Intel measured the mitgations' impact on CPU performance using their 6th, 7th, and 8th Generation Intel Core processors but, more specifically, the i7-6700K, i7-7920HQ, i7-8650U, and i7-8700K. The preferred operating system used in the majority of the benchmarks was Windows 10, however, Windows 7 also made a brief appearance. Intel chose four key benchmarks for their testing. SYSmark 2014 SE evaluated CPU performance on an enterprise level simulating office productivity, data and financial analysis, and media creation. PC Mark 10, on the other hand, tested performance in real-world usage employing different workloads like web browsing, video conferencing, application start-up time, spreadsheets, writing, and digital content creation. 3DMark Sky Diver assessed CPU performance in a DirectX 11 gaming scenario. Lastly, WebXPRT 2015 measured system performance using six HTML5- and JavaScript-based workloads which include photo enhancement, organize album, stock option pricing, local notes, sales graphs, and explore DNA sequencing.

AMD EPYC 7601 Processors Set Two New World Records on SPEC CPU Benchmarks

​AMD today announced that the new Hewlett Packard Enterprise ProLiant DL385 Gen10 server, powered by AMD EPYC processors set world records in both SPECrate2017_fp_base and SPECfp_rate2006. The secure and flexible 2P 2U HPE ProLiant DL385 Gen10 Server joins the HPE Cloudline CL3150 server in featuring AMD EPYC processors. With designs ranging from 8-core to 32-core, AMD EPYC delivers industry-leading memory bandwidth across the HPE line-up, with eight channels of memory and unprecedented support for integrated, high-speed I/O with 128 lanes of PCIe 3 on every EPYC processor.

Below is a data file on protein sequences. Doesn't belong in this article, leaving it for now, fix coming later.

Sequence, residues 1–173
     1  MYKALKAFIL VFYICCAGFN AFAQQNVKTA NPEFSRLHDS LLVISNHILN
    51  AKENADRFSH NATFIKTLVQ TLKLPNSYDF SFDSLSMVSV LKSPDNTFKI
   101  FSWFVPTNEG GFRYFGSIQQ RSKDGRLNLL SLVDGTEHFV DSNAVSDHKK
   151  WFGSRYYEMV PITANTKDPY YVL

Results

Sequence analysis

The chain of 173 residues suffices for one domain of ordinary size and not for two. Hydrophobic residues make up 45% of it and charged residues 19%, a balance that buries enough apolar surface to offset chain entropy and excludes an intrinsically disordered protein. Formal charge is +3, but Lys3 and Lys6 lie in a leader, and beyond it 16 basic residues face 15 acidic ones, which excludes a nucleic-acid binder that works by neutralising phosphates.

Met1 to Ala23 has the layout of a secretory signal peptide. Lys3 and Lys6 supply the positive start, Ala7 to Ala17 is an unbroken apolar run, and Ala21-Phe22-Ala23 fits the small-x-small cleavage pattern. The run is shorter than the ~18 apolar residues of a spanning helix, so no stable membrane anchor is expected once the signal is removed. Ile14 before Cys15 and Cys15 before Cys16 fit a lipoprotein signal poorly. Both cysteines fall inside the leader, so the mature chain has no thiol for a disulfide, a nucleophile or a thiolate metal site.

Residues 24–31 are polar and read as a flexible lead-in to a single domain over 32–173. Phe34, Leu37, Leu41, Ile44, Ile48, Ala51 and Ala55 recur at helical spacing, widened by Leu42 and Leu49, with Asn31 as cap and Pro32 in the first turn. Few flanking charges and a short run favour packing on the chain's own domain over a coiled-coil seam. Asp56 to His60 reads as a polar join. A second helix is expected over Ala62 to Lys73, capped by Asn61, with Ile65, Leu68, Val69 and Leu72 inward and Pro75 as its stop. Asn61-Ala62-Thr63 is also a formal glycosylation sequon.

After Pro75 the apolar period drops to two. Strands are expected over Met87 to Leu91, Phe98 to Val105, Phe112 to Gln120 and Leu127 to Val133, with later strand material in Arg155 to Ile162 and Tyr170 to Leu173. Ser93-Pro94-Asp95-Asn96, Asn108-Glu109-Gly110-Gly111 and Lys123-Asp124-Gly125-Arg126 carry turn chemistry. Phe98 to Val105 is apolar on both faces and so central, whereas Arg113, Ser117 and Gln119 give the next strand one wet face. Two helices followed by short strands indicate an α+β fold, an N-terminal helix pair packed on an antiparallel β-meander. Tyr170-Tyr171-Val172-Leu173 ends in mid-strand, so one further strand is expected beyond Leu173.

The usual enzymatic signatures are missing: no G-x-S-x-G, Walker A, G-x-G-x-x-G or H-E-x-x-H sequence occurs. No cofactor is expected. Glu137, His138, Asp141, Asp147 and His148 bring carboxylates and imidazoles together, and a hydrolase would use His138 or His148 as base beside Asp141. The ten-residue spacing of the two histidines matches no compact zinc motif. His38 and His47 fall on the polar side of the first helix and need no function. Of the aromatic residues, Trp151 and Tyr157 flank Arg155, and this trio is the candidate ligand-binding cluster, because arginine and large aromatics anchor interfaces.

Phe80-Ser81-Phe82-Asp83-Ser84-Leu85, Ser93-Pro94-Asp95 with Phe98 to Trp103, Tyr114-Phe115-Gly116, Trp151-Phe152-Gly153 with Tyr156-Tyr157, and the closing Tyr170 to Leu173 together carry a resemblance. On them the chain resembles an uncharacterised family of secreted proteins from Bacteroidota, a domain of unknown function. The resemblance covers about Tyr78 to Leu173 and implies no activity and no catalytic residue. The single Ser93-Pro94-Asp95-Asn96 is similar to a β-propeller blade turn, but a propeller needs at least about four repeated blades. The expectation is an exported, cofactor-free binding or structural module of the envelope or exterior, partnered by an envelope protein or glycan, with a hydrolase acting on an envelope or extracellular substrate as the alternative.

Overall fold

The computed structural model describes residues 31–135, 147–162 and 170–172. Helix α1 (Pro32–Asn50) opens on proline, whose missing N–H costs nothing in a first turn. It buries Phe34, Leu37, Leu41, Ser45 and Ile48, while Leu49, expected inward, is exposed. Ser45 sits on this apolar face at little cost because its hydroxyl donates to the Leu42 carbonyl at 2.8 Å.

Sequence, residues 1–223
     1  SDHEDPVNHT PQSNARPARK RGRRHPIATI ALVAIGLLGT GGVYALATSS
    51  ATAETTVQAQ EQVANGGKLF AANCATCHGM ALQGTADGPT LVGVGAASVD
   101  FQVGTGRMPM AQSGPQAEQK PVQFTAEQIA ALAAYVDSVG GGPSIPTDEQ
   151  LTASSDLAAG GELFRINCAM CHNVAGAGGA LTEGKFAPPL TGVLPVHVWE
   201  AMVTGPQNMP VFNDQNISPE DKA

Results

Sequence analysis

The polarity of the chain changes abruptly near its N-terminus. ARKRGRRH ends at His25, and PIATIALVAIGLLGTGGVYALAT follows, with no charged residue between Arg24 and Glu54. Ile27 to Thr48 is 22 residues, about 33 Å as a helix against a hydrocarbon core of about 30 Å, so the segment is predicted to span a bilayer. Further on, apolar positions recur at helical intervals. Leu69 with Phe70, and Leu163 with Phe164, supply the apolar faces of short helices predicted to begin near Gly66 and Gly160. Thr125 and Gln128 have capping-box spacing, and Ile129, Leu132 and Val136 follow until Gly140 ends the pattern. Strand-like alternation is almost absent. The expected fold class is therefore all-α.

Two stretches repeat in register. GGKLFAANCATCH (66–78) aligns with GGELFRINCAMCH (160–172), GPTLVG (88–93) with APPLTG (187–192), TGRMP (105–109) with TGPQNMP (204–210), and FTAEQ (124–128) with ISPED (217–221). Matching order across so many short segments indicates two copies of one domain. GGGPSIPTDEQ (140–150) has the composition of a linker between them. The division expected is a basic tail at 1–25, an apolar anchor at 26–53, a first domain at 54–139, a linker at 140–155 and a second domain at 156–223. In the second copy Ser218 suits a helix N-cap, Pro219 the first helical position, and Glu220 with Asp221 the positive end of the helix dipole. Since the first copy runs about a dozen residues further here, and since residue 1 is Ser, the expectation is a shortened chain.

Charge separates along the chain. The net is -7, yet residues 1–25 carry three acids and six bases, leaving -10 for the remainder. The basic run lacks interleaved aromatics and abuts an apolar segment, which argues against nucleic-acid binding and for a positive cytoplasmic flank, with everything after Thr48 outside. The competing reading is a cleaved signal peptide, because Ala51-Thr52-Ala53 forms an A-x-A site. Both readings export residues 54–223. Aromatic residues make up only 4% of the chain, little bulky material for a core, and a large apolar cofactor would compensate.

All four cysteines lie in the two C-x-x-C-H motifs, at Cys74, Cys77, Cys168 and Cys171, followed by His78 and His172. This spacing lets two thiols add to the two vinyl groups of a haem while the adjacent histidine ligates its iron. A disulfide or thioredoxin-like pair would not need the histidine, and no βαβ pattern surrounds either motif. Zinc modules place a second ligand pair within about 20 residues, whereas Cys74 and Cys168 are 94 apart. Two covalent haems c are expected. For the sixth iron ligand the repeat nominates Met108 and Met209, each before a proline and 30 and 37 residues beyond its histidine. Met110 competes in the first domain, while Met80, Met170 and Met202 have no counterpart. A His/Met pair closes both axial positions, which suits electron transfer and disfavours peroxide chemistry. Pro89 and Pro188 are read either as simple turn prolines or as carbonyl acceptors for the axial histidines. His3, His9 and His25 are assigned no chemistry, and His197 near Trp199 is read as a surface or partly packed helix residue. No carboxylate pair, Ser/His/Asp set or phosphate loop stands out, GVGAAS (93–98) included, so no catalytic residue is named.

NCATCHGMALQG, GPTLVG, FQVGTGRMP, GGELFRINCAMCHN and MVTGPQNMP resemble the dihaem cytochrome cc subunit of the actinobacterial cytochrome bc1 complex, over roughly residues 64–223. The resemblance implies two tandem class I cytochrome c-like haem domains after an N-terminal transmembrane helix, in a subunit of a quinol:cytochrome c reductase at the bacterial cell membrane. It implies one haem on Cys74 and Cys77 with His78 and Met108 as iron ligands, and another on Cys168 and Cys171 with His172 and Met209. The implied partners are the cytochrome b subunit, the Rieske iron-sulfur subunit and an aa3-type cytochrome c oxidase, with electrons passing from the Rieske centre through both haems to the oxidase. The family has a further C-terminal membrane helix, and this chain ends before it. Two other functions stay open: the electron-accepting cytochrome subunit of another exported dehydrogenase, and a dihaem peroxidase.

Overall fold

"HPE is joining with AMD today to extend the world's most secure industry standard server portfolio to include the AMD EPYC processor. We now give customers another option to optimize performance and security for today's virtualized workloads," said Justin Hotard, vice president and GM, Volume Global Business Unit, HPE. "The HPE ProLiant DL385 featuring the AMD EPYC processor is the result of a long-standing technology engagement with AMD and a shared belief in continuing innovation."

Intel's 18-core Core i9-7980XE Benchmarks Surface

A user on Coolenjoy has apparently gotten his hands on Intel's upcoming i9-7980XE silicon, putting it through its paces on Cinebench and a number of other benchmarks. The 18-core, 36-thread Core i9-7980XE is set to be Intel's most advanced HEDT processor of all time by a wide margin - both in number of cores and pricing. It seems that even in the face of a competitive AMD, that puts value towards core counts with its $999 Threadripper 1950X 16-core, 32-thread CPU, Intel still sees it fit to charge an arm, a leg, and both of your kidneys for a 2-core advantage. Intel's XE processors have become more synonymous of eXtremely Expensive and less about being eXtreme Edition over the years, and the i9-7980XE, with its $1999 price-tag, does nothing to alleviate the issue. This is a halo product, though - the most advanced HEDT processor in the world. And with it being as niche a product as it is, it actually makes some kind of sense for it to be so expensive - an immoral, "where has the world gone" kind of sense, but still, some measure of it.

Intel Core i7-8700K and i5-8400 SANDRA Benchmarks Surface